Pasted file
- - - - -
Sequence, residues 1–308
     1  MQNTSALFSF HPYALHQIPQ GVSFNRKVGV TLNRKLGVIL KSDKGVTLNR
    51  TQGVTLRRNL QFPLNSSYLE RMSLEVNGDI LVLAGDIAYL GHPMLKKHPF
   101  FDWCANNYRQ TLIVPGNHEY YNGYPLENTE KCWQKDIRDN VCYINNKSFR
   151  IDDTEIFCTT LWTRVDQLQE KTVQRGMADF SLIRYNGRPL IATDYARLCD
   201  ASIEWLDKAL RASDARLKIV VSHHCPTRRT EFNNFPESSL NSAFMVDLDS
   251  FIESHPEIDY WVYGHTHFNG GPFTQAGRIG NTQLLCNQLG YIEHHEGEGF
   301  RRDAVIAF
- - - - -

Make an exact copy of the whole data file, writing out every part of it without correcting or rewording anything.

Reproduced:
Sequence, residues 1–308
     1  MQNTSALFSF HPYALHQIPQ GVSFNRKVGV TLNRKLGVIL KSDKGVTLNR
    51  TQGVTLRRNL QFPLNSSYLE RMSLEVNGDI LVLAGDIAYL GHPMLKKHPF
   101  FDWCANNYRQ TLIVPGNHEY YNGYPLENTE KCWQKDIRDN VCYINNKSFR
   151  IDDTEIFCTT LWTRVDQLQE KTVQRGMADF SLIRYNGRPL IATDYARLCD
   201  ASIEWLDKAL RASDARLKIV VSHHCPTRRT EFNNFPESSL NSAFMVDLDS
   251  FIESHPEIDY WVYGHTHFNG GPFTQAGRIG NTQLLCNQLG YIEHHEGEGF
   301  RRDAVIAF